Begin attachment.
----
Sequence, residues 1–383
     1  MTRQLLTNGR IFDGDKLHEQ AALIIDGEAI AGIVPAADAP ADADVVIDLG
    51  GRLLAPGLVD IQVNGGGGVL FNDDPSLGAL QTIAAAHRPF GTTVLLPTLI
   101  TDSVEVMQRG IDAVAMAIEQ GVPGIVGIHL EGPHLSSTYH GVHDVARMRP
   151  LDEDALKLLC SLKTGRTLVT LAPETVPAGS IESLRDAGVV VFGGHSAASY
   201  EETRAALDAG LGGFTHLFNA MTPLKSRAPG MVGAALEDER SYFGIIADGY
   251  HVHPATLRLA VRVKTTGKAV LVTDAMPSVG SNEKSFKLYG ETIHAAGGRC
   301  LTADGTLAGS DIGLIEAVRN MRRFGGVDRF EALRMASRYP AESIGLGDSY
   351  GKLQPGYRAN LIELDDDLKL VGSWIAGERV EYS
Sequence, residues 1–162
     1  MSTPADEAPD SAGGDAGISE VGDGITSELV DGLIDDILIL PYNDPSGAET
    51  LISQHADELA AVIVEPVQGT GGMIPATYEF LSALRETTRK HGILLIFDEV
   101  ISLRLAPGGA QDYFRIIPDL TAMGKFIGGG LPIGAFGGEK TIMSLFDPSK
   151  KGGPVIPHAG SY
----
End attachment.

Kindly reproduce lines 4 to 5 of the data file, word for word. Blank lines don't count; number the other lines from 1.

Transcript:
   101  TDSVEVMQRG IDAVAMAIEQ GVPGIVGIHL EGPHLSSTYH GVHDVARMRP
   151  LDEDALKLLC SLKTGRTLVT LAPETVPAGS IESLRDAGVV VFGGHSAASY